The AIS Transaction Cycles Game

Susan M. Moncada, Ph.D., CPA
Indiana State University
Author Profile
Initial Publication Date: April 2, 2012

Summary

An accounting system consists of business processes which can be described as interrelated sets of structured activities performed by an entity to create value. The execution of business processes involves a logical time sequence and may require employees, external parties, resources, data, documents, and machines. Business processes are triggered by some economic event and have clearly defined starting and ending points. To learn about business processes various models have been developed to describe them. The Transaction Cycle model is one way to view basic business processes. The purpose of The AIS Transaction Cycles Game is to provide drill and practice or review of the elements that comprise the five typical transaction cycles identified as: revenue, expenditure, production, human resources/payroll, and financing. The game is based on the game called Connect 4. AIS Trans Cycle board image

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Learning Goals

As a result of studying course materials and completing this activity, students should be able to:
Determine which business process elements are associated with the revenue, expenditure, production, human resources/payroll, and financing/investing cycles.

Context for Use

The specific cycles within the Transaction Cycle model tend to differ somewhat among the accounting information systems' textbook authors. While the components of the Revenue, Expenditure, and Production Cycles are fairly standard, the remaining cycles can differ substantially. The AIS Transaction Cycle Game is primarily based on the model described by Romney & Steinbart, in the 12th edition of their Accounting Information Systems textbook.
  • Romney & Steinbart's version of the Transaction Cycle model along with those presented by of the other authors tends to ignore investing activities. As a result the Financing Cycle in the AIS Transaction Cycles Game has been renamed Financing/Investing Cycle in order to include investing activities, such as fixed asset and investment management.
  • In other versions of the model, the Production Cycle is sometimes called the Conversion Cycle. The terms are synonymous in this game.
  • The Payroll Cycle is sometimes an independent cycle or included with the Human Resources Cycle. In The AIS Transaction Cycles Game, payroll has been included in the Human Resources Cycle.

Description and Teaching Materials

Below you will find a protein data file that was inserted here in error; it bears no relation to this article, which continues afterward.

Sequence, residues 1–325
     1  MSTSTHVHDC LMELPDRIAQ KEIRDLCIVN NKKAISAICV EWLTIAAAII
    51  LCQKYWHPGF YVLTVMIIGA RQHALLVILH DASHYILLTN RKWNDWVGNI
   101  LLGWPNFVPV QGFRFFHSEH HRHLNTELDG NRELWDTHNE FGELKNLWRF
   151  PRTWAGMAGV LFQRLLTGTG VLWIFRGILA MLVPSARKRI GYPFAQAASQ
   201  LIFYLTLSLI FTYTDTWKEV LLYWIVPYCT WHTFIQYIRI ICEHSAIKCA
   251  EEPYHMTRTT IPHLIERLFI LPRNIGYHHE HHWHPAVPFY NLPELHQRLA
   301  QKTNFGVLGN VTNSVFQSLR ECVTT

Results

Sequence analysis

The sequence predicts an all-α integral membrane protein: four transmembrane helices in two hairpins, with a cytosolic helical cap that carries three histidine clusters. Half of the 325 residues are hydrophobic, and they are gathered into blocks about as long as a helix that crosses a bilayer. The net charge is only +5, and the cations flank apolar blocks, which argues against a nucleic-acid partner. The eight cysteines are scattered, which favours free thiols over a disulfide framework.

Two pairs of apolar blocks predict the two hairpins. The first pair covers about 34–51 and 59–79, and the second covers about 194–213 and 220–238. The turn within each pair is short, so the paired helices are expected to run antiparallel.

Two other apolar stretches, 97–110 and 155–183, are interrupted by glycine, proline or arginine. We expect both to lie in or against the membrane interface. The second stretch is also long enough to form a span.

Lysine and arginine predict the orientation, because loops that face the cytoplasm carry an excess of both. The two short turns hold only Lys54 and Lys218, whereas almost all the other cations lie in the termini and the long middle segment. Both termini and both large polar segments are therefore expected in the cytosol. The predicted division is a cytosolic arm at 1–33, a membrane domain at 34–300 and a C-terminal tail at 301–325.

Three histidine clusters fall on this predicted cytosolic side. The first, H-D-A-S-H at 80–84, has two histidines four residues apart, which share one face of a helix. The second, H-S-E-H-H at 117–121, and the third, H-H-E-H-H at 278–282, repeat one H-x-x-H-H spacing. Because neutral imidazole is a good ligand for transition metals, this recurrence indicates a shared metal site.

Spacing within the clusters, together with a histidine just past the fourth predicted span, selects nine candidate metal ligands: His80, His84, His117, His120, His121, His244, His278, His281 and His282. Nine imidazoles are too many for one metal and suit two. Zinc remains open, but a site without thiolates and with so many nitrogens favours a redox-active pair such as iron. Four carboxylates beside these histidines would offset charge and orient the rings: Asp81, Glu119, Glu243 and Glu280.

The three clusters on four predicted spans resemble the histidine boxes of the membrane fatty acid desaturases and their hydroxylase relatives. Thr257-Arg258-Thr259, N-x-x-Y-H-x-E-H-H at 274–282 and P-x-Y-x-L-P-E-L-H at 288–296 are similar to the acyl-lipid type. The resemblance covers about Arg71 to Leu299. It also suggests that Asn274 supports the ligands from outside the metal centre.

• The AIS Transaction Cycles Game (PowerPoint 2007 (.pptx) 523kB Apr2 12) is an interactive PowerPoint presentation modeled after Connect 4. The game requires two players or teams, red and yellow. The 7 x 7 game board contains 49 circular slots or cells into which game chips are dropped. Each cell is tied to a transaction cycle element. When a team selects the correct transaction cycle to which the element belongs, the team gets to drop its chips (yellow or red), into its position on the game board. Should an incorrect answer be given, the cell remains unclaimed, and play progresses to the other team. The first player or team to align four chips consecutively, either horizontally, vertically, or diagonally, wins the game.
  • User instructions for the Instructor (Microsoft Word 2007 (.docx) 350kB Apr2 12). This document contains detailed instructions for playing the game, modifying content or using the blank template to create a new game.
  • Blank Game Template (PowerPoint 2007 (.pptx) 231kB Apr2 12). This template can be used to create a game on any topic in for any discipline.

Teaching Notes and Tips

The AIS Transaction Cycles Game is intended for reinforcing concepts previously taught. For homework prior to the class during with the game will be played, students should be required to become familiar with the elements of the various business processes that comprise the Transaction Cycle model. The game can be used for drill and practice or review purposes in class with the instructor serving as the moderator. Additionally, the game could be posted online through a course learning system for students to download and play in pairs during class time.

While any game board slot can be chosen at any time, in order to actually simulate Connect 4, questions should be chosen from the bottom of the game board (row one) first. For example, assume the yellow team selects cell A1 and answers correctly. The red team can select any additional cell in row 1 as well as cell A2.

Note: The components of the Transaction Cycle model while similar are not identical to the classification scheme used to distinguish operating, investing, and financing activities for the Statement of Cash Flows.

Assessment

The game serves as a form of informal formative assessment. Summative assessment will be required via some other means.

References and Resources

Romeny, Marshall B., & Steinbart, Paul John. (2012). Accounting Information Systems. 12th Edition. Upper Saddle River, NJ: Pearson Education.